Use of this information is subject to copyright laws and may require the permission of the owner of the information, as described in the ECHA Legal Notice.
EC number: 417-790-1
CAS number: 78418-01-6
There is no reliable and relevant
information source in which the toxicokinetic properties (absorption,
distribution, metabolism, elimination) of MEXORYL SAB were investigated.
The expected toxicokinetic behaviour is derived from the physicochemical
properties and the results from the available toxicological data
following the guide given in the REACH guidance document R.7c:
MEXORYL SAB is a mono constituent
substance having a molecular weight of 264. It is a white powder with an
estimated water solubility of 30 mg/L. Volatility was determined to be
about 0.73 mmHg at 21°C (about 97 Pa) and has low lipophilic properties
(log Pow = 0.32). The surface tension is about 60-64 mN/m. Detailed
information can be found in section 4 of MEXORYL SAB IUCLID dossier.
In the oral acute toxicity study,
major signs of toxicity noted in all dose groups (2530, 3000, 3557 and
4217 mg/kg bw) were hunched posture, pilo-erection, lethargy, ptosis,
decreased or gasping respiration and red/brown staining around the snout
or mouth. Incidents of reduced bodyweight gain or bodyweight loss were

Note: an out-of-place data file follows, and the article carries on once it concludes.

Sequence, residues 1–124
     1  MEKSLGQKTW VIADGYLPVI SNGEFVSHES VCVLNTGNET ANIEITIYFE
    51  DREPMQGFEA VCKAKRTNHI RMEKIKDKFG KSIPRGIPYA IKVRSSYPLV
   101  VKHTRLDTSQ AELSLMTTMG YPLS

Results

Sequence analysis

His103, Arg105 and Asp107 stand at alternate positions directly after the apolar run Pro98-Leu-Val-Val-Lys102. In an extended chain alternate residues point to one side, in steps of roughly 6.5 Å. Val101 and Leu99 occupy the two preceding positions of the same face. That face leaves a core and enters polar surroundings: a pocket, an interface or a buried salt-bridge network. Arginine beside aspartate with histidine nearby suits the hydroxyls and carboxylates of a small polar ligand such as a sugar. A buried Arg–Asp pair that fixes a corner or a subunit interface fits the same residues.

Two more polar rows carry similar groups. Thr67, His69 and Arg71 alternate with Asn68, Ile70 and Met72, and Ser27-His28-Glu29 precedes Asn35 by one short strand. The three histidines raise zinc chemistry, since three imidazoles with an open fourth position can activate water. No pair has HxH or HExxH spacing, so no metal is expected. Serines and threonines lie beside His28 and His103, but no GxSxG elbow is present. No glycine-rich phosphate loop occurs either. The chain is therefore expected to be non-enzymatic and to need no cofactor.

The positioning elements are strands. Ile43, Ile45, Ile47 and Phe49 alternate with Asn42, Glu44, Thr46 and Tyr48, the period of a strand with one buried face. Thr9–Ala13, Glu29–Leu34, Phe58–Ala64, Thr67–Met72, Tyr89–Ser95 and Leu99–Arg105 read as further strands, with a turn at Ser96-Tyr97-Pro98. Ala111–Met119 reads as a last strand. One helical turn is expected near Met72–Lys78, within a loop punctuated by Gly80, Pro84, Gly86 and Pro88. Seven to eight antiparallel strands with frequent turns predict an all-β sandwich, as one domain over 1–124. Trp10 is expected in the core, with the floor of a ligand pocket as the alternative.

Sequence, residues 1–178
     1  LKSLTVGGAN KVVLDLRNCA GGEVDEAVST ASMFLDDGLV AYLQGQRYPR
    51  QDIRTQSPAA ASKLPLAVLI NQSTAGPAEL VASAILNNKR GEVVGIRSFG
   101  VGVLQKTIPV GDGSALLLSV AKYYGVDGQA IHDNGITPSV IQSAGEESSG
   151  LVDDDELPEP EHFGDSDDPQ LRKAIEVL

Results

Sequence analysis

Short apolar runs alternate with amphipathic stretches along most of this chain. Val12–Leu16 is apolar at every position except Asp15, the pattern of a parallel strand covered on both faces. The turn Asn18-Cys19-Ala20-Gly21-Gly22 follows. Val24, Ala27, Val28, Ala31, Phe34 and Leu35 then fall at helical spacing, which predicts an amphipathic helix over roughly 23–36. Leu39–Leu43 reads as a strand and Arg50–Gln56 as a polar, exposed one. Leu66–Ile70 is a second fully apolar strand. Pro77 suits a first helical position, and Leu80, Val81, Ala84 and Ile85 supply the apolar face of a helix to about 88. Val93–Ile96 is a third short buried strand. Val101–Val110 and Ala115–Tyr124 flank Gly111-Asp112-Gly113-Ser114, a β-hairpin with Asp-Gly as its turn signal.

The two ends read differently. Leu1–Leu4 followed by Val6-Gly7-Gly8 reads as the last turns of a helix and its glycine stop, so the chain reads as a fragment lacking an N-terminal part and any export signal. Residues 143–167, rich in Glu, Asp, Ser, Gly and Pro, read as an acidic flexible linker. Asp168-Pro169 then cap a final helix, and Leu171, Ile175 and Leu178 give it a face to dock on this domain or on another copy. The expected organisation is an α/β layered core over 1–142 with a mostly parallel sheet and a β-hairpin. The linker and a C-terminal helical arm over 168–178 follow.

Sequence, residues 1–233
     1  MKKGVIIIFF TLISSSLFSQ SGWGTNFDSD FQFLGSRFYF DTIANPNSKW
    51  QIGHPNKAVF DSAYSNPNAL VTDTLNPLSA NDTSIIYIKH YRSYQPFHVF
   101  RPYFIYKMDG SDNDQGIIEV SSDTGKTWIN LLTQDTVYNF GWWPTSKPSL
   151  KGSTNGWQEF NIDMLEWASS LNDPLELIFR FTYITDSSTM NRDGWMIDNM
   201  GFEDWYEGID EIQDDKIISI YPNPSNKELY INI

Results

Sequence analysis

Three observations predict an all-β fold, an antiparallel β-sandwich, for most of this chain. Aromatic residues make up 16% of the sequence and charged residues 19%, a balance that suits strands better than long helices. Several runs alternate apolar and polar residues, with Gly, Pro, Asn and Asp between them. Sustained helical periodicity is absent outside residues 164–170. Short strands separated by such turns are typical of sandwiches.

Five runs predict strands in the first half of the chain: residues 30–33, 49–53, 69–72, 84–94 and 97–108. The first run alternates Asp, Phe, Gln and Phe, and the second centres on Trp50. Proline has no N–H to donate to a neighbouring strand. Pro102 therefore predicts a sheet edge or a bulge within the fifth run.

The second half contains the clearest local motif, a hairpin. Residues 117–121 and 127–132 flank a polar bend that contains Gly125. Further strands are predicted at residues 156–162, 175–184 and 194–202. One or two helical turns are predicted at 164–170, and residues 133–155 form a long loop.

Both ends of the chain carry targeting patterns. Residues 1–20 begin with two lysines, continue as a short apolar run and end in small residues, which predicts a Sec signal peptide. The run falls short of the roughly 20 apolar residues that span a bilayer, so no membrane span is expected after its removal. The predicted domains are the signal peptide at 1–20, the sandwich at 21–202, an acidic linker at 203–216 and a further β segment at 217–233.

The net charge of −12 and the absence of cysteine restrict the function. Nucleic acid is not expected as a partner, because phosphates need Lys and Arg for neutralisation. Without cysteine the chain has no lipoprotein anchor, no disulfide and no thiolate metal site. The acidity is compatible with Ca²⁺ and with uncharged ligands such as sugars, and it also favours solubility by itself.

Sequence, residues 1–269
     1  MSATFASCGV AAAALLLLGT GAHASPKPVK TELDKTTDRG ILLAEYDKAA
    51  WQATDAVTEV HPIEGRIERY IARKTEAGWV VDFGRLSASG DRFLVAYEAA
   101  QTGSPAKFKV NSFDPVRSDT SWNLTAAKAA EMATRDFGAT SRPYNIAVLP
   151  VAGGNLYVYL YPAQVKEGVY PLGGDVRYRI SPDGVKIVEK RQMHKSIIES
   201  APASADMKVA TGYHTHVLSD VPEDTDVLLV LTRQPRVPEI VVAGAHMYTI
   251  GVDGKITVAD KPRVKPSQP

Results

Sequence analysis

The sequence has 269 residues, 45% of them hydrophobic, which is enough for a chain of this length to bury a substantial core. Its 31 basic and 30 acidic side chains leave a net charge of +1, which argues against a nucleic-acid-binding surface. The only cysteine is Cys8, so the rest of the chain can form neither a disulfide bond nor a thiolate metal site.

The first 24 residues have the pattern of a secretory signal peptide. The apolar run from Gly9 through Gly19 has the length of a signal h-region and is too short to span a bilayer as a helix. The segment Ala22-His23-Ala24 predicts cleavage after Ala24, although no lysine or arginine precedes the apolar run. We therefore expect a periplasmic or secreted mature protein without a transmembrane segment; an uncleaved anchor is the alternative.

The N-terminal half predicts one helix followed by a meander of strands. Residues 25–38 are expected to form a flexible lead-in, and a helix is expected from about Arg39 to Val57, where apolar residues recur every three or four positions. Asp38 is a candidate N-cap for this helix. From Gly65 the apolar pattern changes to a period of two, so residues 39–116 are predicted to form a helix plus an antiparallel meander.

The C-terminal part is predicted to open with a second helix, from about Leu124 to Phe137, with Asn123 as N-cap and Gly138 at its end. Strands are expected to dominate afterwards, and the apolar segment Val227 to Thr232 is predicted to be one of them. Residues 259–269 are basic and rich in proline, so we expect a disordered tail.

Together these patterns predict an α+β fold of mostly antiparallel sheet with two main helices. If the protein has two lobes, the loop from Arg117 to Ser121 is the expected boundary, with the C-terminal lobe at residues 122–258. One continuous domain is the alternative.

noted in all dose groups. Abnormalities noted at necropsy of animals
that died during the study were haemorrhagic or abnormally red lungs,
dark liver or patchy pallor of the liver, pale spleen, pale or dark
kidneys, haemorrhage or sloughing of the glandular gastric epithelium
and haemorrhage of the small and/or large intestines. The systemic toxic
effects observed (in particular lethargy, ptosis and loss of bodyweight)
show that MEXORYL SAB is absorbed by oral route at high doses.
In the dermal acute toxicity study, no
systemic effects were observed at 2000 mg/kg bw: no deaths, no clinical
signs and no abnormalities at necropsy. MEXORYL SAB has a low water
solubility (< 100 mg/L) therefore dermal uptake is considered to be low
or moderate. It is also a dry powder that would need to dissolve into
the surface moisture of the skin before uptake can begin. However,
MEXORYL SAB was found to be skin sensitizing therefore some uptake, even
limited, must have occurred. Thus, dermal absorption of MEXORYL SAB is
expected to be limited but not inexistent.
In a 4-week repeated dose toxicity
study, the dose level of the high dose group was dropped from 300 to 200
mg/kg bw/day on day 13 of the treatment period because of adverse
clinical signs (noisy and irregular/fast respiration), including death.
Bodyweight gain was reduced slightly (13-14 %) for males of the highest
dose group (associated with slight reduction in food consumption) and
for females given 100 mg/kg bw/day during the treatment period.
Macroscopic observations at necropsy revealed a dose-related increased
incidence of stomach abnormalities for animals given 100 and 300/200
mg/kg bw/day at the end of both the treatment and treatment-free period.
Microscopic pathology revealed hyperplasia of the non-glandular stomach
for animals given 300/200 mg/kg bw/day, accompanied by chronic
inflammation and ulceration. These effects seem related to irritant
local effects located in the stomach; systemic toxicity and maybe
absorption may be quite limited at this dose level. This hypothesis is
confirmed by the reproduction / developmental toxicity screening test:
no treatment-related effects were observed in rats exposed by oral